Teach me how. Let's be honest. You hired me for my potential, not for my skills. I don't really know what I'm doing, or how to do it well. Could you please teach me, train me, and show me how? I know it's going to take some extra time, but I think in the long run you and I will be much happier.
Correct me. I thrive off of frequent feedback- the more frequent, the better. Could you tell me when I'm off track, or even on track? Could you tell me if I shouldn't have spoken up more, or less, in the meeting? Could you let me know if you hear anything about me from our clients? Please, let me know how I'm doing.
Share "the why". I'm from a different generation than you, a generation that values meaningful work more than anything else- more than paycheck or perks. I really, really want to know why my contribution and work contributes to the value of the company. I really want to know why we do things the way we do. I want to know why the extra meeting is going to help us all work more effectively and efficiently.
Challenge me. Throw me in the deep end. Expect a lot from me- I'm used to it. My parents did. My coaches did. My professors did. And I will rise to the challenge.
Listen to me. I know that I'm new, but I've already seen a few things around here that aren't working very well. Technology that doesn't sync. Processes that are bulky and time wasting. I've observed cynicism and negativity and gossip. I would love to share things I'm seeing. I'd love to share things I learned in my classes, and as a student leader in student organizations.
Thanks for hiring me. I promise, if we work together, I won't let you down.
Your newest employee
-- Feel free to copy, paste and personalize--
Let's face it, you and I don't know what we don't know.
And, we don't really know how to get to where we'd like to be.
Okay, let's be really honest, I'm not even sure if I know where I'm going.
There are a lot of benefits to finding a good mentor. Here are the top three:
1. Mentors can give us the lay of the land.
They have a different vantage point into the field or career path that we're considering. Getting their insight can provide us much needed clarity on the options and choices for which direction to take.2. Mentors can help us get "there".
A good mentor will give his/her opinion and thoughts about where you're headed, how to get there, and hopefully introduce you to other people who can help you make it. 3. Mentors can bolster our self-awareness.
A good mentor will look into your life with an unbiased lens, help you discover how you're wired and what you're wired for, and then bless you and encourage you to take that path.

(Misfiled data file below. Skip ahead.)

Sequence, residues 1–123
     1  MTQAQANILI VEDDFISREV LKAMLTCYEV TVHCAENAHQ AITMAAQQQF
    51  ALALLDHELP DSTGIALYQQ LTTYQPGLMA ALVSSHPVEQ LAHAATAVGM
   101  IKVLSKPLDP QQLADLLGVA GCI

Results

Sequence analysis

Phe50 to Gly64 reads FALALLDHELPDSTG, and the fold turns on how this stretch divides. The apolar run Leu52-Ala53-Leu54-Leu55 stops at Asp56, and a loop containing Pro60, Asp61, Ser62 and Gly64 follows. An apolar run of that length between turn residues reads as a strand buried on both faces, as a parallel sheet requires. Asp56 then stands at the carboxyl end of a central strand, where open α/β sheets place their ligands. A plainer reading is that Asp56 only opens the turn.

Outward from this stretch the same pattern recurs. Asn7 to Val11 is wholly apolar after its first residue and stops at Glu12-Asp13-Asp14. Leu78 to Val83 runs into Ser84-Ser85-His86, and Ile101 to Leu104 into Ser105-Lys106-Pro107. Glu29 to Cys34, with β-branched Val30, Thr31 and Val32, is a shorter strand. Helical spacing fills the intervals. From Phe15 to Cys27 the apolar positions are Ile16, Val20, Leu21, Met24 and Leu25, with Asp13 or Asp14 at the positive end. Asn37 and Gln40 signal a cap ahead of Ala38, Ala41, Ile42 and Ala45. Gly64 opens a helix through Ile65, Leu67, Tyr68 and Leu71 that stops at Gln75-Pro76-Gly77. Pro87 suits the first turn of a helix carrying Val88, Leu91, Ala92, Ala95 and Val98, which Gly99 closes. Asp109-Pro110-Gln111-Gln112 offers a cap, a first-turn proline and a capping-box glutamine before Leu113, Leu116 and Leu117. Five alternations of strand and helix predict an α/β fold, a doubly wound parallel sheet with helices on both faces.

Do you have a good mentor? If not, what can you do to reach out and find one?
You're invited to apply and participate in the InterVarsity Faith@Work Mentor Portal
. Check it out, and spread the word!
In the larger conversation about Servant Leadership
as both a leadership philosophy and way of life, I'm realizing that most of us have some very strong fears that prevent us from fully taking the plunge.
So I wanted to take some time and throw out a few core, foundational beliefs
that someone needs to have in order to make the leap into servant leadership.
Here are the four things you must believe to become a Servant Leader:
1. You are not the center of the world.
As Richard Rohr
writes in his book, Adam's Return
, men who are initiated into a broader community learn this lesson through a rite of passage, whether that be an actual initiation rite, military experience, or extreme challenge. I'm sorry to tell you, but life is not about you- your happiness, joy, development, or success. There is a larger thing going on, and you and I need to jump into the flow.2. Your needs will be met
, even as you focus on meeting the needs of others. Oftentimes I resist being a servant leader because I have real, legitimate, unmet needs. If I focus on meeting the needs of others, what will happen to mine? Trust me, your needs WILL be met, as
you seek the meet the needs of others. 3. You have something to offer.
You have a unique voice, perspective, insight, and value that must be shared for others. To be a servant leader, you need to believe that you are valuable and your contribution is necessary. 4. You will be promoted.
I don't necessarily mean promoted positionally, I mean promoted in terms of street cred, trust, stature and maturity. Seeking to serve others and add value to their lives will always come around and build your own reputation as a person of value. Many times people resist servant leadership because they're afraid that their individual contribution will be overshadowed by the contribution of the people they're helping to be successful. But, as Ken Blanchard says, we must learn to seek the praise from an audience of One, the One who sees you, knows you, and is able to lift you up.
Now imagine with me the potential of not just one or two people acting and living as servant leaders, but an entire organization, or perhaps an entire generation
. Southwest Airlines
is known as a unique corporate culture bent towards servant leadership. It shows, when former CEO Colleen Barrett said, "When we have employees who have a problem -- or have employees who see a passenger having a problem -- we adopt them, and we really work hard to try to make something optimistic come out of whatever the situation is".
Did you notice that? When their employees or customers have problems, the culture responds by adopting their problems as their own, rather than firing, relegating or ignoring.
Which one(s) do you need to believe, in order to become someone known as a servant, someone who influences primarily through serving and seeking to meet the needs of others?